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Moving forward after the ban on fluorescent lamps

Andy Davies, Mackwell’s Commercial Director, discusses the opportunities that the ban on fluorescent lights will open up for the emergency lighting sector.

After several years of delays, 2023 will see the phasing out of fluorescent lights with their removal from sale in the UK and Europe. This is under the Restriction of Hazardous Substances (RoHS) Directive, which aims to prevent the risks posed to human health and the environment from the management of electronic and electrical waste.

The driving factor behind the ban is the use of mercury in these lamps; a toxin that has been placed by the World Health Organisation (WHO) in the top ten worst chemicals for public health. Mercury also has damaging effects on the environment, which is another reason for the withdrawal of them from the lighting industry. The fact that LED technology has now reached a point where it can deliver substantial energy savings vs fluorescent and other traditional technologies is also a major factor.

Of course, retrofitting traditional light sources such as fluorescent lamps with LEDs is not new: Projects of this type have been widespread since LED first reached acceptable efficacy and cost level more than a decade ago. But with a substantial portion of the building stock already converted, combined with challenges posed by major issues such as the Covid-19 pandemic, its probably fair to say that such projects have slowed in more recent years.

It is highly probable, however, that with the fluorescent phase-out now almost upon us, the demand for retrofitting will rise once again. Not only will buildings need to forward plan for a time when replacement fluorescent luminaires are not available, the need to improve sustainability and move towards net-zero will become increasingly prominent, especially with huge recent hikes in energy costs.

As building owners and facilities managers move towards an upgrade of their lighting to reduce their dependence on fluorescent lighting, it is the ideal time to also upgrade their emergency lighting.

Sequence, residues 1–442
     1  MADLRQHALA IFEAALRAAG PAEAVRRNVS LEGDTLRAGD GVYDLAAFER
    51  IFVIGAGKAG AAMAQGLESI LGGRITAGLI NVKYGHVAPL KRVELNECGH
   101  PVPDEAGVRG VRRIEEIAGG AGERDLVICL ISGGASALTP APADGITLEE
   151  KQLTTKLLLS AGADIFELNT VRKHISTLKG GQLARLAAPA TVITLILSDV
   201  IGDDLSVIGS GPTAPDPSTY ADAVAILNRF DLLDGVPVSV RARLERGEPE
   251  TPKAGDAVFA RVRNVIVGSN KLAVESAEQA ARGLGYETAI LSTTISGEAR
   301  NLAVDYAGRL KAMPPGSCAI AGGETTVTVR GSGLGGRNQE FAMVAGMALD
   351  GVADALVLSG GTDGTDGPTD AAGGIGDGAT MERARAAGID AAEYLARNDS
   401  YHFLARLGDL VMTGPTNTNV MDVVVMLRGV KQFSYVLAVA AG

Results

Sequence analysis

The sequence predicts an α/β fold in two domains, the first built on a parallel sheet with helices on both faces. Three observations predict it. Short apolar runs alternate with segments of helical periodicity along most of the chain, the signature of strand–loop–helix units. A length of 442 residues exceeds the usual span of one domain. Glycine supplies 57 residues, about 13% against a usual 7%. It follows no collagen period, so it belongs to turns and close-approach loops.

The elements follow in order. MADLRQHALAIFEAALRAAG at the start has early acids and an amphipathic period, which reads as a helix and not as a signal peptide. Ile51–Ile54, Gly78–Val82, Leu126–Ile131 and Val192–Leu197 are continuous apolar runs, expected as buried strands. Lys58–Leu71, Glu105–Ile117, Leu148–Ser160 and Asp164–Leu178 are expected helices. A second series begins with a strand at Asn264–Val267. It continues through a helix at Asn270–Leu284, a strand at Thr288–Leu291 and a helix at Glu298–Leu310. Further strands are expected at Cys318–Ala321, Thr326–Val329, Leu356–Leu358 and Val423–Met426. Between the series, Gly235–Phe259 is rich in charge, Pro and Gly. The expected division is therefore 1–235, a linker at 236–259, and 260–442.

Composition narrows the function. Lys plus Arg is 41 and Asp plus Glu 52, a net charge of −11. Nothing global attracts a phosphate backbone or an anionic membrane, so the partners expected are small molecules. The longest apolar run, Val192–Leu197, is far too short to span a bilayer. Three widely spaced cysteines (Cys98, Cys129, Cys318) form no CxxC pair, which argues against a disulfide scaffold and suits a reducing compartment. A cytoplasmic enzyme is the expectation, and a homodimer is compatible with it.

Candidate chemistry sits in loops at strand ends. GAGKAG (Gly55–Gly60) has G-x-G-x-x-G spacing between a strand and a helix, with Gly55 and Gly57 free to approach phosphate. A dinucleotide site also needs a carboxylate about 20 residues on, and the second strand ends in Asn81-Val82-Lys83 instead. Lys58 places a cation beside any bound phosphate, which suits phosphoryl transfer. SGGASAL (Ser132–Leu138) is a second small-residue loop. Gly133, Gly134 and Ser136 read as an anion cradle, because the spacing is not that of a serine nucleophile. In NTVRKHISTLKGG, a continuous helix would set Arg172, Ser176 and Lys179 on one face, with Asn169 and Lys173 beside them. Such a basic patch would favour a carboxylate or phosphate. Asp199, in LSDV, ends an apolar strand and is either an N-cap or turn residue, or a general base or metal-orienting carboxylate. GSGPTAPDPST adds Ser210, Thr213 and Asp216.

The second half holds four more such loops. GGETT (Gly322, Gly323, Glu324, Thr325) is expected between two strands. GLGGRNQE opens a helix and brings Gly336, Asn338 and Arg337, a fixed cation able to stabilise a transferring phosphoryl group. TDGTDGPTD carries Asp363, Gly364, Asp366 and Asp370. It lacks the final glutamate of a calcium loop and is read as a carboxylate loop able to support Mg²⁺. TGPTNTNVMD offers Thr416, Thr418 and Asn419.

In order to comply with legislation, buildings must have emergency lighting, and it therefore makes sense to overhaul all of the lighting as part of the same programme of works. This not only reduces the amount of disruption when works are going on, it offers some economies of scale as contractors will be on-site anyway and is therefore an efficient use of their time.

There are several areas that building owners and facilities managers may wish to upgrade with regard to their emergency lighting. Firstly, emergency luminaires that are compatible with automated test and monitoring protocols, including DALI, DALI-2 and a range of wireless systems, offer a plethora of benefits. Not only will this reduce time spent on maintaining the luminaires and diagnosing problems, this approach aids compliance and improves safety.

In addition, the emergence of new battery technologies and sophisticated battery management systems has seen a number of benefits for users and facilities managers, such as longer warranties for both batteries and control electronics, as well as the ability to apply these over a wider range of applications.

Furthermore, with the need to plan for a future where fluorescent lighting cannot be sourced, but the demands for emergency lighting will always remain, there would be value in a full compliance audit. This would allow for the design of upgraded emergency lighting that embraces the newest technologies, delivering energy-saving and reduced costs.

While the ban on fluorescent lamps may cause some initial challenges, there are long-term benefits to be gained. The opportunity to upgrade a building’s emergency lighting will deliver savings with regards to energy and costs, as well as improved safety and better compliance – all of which cannot be overlooked.